Hire a Binghamton Ph. D.
Dissertation Title: Dangerous Delegation: Explaining the Rationales and Outcomes of State Sponsorship of Terrorism through the Principal-Agent Framework
Chair: Seden Akcinaroglu
Committee: Benjamin Fordham, Katja Kleinberg
Dissertation Synopsis: State sponsorship of terrorism, where a government deliberately provides resources and material support to a terrorist organization, is common in the international system. By conceptualizing state sponsorship as a relationship between a principal and agent, I develop a consistent theoretical model that explains why states pursue this foreign policy strategy, as well as how they rationally attempt to minimize the inherent risks of delegating to violent non-state actors. I test my model by using a novel dataset on sponsorship behaviors that improves on the range, detail, and temporality of previously used measurements. My dissertation is organized into three distinct papers, the first of which examines why states choose to delegate to terrorists, the second which organizations they are likely to support, and the third how they attempt to control these unpredictable actors.
Dissertation Title: The Effects of Exit Quality on the Strategic Dynamics of Civil War
Chair: David Clark
Committee: Ben Fordham, Michael Weintraub
Dissertation Synopsis: The dissertation argues that the quality of options available for civilians to exit from conflict zones shapes civilian choices to flee, and thus impacts the dynamics of civil conflict. To this end, I introduce a new measure of exit value, which accounts for both the forces that push civilians to flee - primarily violence against civilians - as well as the quality of the destinations available for flight. This includes original collection of time-series data on state practices towards refugees and asylum-seekers, comprising border closures, refoulement, and violence against refugees and asylum-seekers. Most immediately, this adds a new and vital element to predicting refugee flows; while violence makes civilians willing to flee, they may still lack the opportunity to do so. Low-quality exits, in conjunction with violence against civilians, lead to larger at-risk populations within conflict states, which creates larger pools of recruits and supporters for armed groups, greater attraction for humanitarian aid flows that are vulnerable to capture and fund the continuation of conflict, and slower economic recovery following the cessation of conflicts.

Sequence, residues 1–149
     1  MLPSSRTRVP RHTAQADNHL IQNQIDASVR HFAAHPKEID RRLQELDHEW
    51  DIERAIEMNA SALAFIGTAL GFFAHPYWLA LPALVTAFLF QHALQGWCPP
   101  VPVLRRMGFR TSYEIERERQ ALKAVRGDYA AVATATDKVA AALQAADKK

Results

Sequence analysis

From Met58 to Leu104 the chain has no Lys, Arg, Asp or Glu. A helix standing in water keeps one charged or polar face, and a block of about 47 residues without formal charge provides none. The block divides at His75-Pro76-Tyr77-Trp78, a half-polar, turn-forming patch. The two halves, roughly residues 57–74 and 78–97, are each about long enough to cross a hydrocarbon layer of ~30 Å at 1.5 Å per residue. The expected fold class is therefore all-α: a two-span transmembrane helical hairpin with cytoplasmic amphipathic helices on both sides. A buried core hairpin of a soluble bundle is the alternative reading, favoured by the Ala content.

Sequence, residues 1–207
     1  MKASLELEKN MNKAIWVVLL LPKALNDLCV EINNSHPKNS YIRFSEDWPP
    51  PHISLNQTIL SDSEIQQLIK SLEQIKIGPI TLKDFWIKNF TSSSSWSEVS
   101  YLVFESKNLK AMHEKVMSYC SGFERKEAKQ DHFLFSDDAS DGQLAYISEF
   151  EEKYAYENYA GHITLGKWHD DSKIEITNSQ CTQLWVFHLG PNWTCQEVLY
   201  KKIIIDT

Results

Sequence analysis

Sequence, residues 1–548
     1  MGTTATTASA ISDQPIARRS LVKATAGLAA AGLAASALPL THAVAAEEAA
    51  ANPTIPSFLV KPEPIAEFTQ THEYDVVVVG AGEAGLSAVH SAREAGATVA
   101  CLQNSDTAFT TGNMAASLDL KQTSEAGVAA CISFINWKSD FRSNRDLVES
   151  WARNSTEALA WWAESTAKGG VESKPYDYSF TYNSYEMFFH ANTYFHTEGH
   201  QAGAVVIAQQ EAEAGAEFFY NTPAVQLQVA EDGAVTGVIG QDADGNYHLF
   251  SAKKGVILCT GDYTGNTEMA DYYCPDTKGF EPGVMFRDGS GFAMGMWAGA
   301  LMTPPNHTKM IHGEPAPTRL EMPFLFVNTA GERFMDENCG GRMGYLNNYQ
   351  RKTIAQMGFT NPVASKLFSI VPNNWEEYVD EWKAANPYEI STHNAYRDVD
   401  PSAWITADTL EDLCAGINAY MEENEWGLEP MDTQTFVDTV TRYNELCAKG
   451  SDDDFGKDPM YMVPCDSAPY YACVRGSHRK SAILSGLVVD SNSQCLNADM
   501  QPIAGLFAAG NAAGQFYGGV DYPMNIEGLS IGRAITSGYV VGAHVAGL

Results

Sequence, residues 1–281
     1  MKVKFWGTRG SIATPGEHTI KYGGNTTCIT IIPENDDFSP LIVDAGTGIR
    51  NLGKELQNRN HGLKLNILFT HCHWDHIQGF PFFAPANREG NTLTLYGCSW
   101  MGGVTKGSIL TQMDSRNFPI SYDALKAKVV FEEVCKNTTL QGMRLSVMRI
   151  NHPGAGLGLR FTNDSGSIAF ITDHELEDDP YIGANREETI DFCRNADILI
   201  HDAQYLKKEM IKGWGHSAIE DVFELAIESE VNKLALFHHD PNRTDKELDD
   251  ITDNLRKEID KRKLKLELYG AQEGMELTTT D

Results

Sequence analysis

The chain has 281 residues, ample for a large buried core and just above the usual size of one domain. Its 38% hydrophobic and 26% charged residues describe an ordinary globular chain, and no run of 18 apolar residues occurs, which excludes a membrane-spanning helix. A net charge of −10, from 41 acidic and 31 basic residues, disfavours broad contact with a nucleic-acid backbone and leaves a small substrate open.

Dissertation Title: War Aims and War Termination: How States Prosecute Their Wars
Dissertation Chair: David H. Clark
Dissertation Committee: Benjamin O. Fordham, Amanda A. Licht
Dissertation Synopsis: The dissertation provides a theory of how military capabilities shape conflict behavior during crisis and war, arguing that military capabilities have both informative and materially coercive attributes. Capabilities are informative during crises, as military threats reveal private information, and are informative during war because fighting allows belligerents to overcome the problem of uncertainty about the outcome of the conflict. Military capabilities are materially beneficial during crises, as mobilization procures material advantages that shape states' probability of victory if hostilities escalate to war. Moreover, the material characteristic of capabilities is present during war, and allows states to impose costs on the battlefield by reducing their opponents' capacity to continue fighting. Wars begin and end because the material and informative characteristics of capabilities force states to revise their demands and war aims. I empirically evaluate the differential effects of capabilities at two points in time: First, I focus on prewar mobilization behavior, where states adjust their capabilities to enhance the material or informative nature of their military strength depending on whether they mobilize in public or private. Second, the project focuses on the actual prosecution of war on the battlefield, where I assess how materially coercive and informative military engagements shape the decision to continue fighting or terminate the conflict.